- Pull the spine off of the top fillet (use the spatula to hold the flesh down under the spine).
Tips for baking whole salmon in the oven:
Now that you know the process for how to bake a whole salmon, don’t skip these important tips!
- Brining the salmon: If you choose to brine the salmon (and we hope you do!), make sure the salmon brine has enough water in it to completely cover the fish in the brine. If you need more water, add 1 tablespoon of salt and 1 teaspoon of sugar for each additional cup of water.
- Salmon temperature: While the FDA recommends cooking salmon to 145°F, the fish ends up pretty dry when it is cooked to that temperature. We prefer our salmon between 122°F and 130°. It is more tender and juicy at that doneness level. See our chart below and use your own judgement regarding the salmon temperature.
- On removing the spine: The more well-done the salmon is cooked, the easier the two fillets will separate from each other. If you cook the salmon on the rare side, you might have to use a knife to pry the spine away from the fish.
- Leave the skin intact. Some recipes will have you slice slits through the skin and into the flesh of the fish. We don’t do that for salmon. The salmon will bake evenly without slicing into the flesh PLUS, keeping the skin intact will hold moisture in and give you a tender salmon.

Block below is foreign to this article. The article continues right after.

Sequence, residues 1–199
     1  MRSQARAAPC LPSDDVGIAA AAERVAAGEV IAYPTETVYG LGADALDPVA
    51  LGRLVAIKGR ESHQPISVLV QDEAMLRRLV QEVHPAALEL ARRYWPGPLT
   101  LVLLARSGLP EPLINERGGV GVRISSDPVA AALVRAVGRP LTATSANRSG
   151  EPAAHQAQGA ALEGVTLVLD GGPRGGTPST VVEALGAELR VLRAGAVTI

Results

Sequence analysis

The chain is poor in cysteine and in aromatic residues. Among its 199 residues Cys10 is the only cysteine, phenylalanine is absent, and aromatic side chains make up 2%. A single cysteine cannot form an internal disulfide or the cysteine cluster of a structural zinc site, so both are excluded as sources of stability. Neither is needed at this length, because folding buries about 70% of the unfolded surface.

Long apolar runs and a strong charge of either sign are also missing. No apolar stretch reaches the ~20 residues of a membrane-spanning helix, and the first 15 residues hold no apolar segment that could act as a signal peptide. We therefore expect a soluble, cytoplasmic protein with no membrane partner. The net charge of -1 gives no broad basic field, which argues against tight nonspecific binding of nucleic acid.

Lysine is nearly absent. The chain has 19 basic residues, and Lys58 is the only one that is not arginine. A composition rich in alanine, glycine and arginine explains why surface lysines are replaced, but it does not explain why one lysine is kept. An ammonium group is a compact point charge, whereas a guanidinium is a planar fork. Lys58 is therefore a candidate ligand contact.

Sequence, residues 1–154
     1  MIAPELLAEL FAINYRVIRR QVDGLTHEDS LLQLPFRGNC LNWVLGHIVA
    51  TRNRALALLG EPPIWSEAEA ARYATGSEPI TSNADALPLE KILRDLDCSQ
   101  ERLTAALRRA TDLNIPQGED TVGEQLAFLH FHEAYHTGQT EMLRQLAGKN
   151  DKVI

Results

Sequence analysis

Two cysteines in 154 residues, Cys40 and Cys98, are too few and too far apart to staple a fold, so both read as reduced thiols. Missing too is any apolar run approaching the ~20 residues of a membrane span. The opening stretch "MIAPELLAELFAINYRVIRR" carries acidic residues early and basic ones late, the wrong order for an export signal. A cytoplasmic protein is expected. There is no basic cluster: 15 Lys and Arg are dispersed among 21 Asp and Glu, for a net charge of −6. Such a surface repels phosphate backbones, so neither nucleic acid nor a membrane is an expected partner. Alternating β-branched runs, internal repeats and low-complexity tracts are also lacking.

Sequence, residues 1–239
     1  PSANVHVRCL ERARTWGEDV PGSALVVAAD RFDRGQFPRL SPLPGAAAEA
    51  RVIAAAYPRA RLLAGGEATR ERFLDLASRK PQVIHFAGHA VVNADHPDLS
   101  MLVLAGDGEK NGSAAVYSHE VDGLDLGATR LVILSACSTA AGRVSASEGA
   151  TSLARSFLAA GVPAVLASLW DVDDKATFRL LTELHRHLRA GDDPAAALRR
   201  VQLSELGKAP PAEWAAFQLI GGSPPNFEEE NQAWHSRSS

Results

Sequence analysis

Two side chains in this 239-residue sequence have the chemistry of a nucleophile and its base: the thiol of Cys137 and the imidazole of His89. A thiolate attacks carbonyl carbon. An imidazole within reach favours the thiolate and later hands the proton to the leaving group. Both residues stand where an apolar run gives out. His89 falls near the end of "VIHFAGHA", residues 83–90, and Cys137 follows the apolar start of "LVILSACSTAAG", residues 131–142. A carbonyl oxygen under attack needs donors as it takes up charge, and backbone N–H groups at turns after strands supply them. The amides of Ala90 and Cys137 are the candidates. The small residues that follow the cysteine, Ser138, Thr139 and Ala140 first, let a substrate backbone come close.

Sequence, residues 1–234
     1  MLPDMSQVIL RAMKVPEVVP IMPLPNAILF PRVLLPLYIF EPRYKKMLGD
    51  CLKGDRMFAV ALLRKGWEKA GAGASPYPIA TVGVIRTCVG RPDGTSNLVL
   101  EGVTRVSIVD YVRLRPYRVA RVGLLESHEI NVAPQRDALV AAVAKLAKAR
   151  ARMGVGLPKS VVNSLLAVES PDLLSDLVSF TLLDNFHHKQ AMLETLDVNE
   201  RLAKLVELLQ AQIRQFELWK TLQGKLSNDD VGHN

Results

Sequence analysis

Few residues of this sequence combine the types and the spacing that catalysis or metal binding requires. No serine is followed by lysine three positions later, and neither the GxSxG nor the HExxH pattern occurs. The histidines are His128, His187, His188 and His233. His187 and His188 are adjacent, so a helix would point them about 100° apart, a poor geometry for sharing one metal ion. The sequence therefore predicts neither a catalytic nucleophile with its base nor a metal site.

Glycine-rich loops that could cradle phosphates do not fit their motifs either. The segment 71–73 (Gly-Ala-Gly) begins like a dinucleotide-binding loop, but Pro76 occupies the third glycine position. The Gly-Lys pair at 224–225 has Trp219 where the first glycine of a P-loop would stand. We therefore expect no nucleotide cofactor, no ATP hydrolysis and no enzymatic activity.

Frequently asked questions:
We prefer cooking this whole baked salmon at 425°F. It remains tender and moist but still comes together quickly.
Bake this whole salmon in the oven uncovered. There’s no need to cover it with foil (and no, it won’t dry out! The skin helps keep it moist).
Use our chart below to bake your salmon to the doneness level you prefer. An instant-read meat thermometer will make it easy to determine if your salmon is cooked to the desired temperature.
Temperature Chart for Salmon Doneness
|Rare (soft, buttery, juicy)||110°F|
|Medium rare (tender, flakey, moist)||125°F|
|Medium (flakey, firm)||130°F|
|Medium-well (dry, firm)||140°F|
|Well-done (dry and tough)||145°F|
We hope this info will help walk you through the process of how to bake a whole salmon with ease! It’s an impressive, showstopper of a main course that works well for any type of gathering, any time of the year.
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Some Other Recipes We Are Sure You Will Love:
- Salmon Asparagus Strata: This crowd-pleaser of a dish is an elevated breakfast or brunch recipe with fresh flavors infused into a rich and creamy egg base.
- Wild Alaskan Smoked Salmon Chowder: Thick and creamy with tender potatoes, onion and tender chunks of smoked salmon, this chowder has an intense smoky flavor that is delicious on a cold day.
- Salmon with Thai Yellow Curry: Moist broiled salmon fillets are served with a flavor-packed curry sauce. Spoon it on black rice and serve with bok choy for a nutritious, Thai-inspired meal.
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For the Brine (optional)
- 4 quarts cold water (see notes)
- 1 cup Kosher salt
- 1/2 cup brown sugar
For the Baked Salmon
- 1 whole salmon (3 to 5 pounds)
- 2 to 3 tablespoons olive oil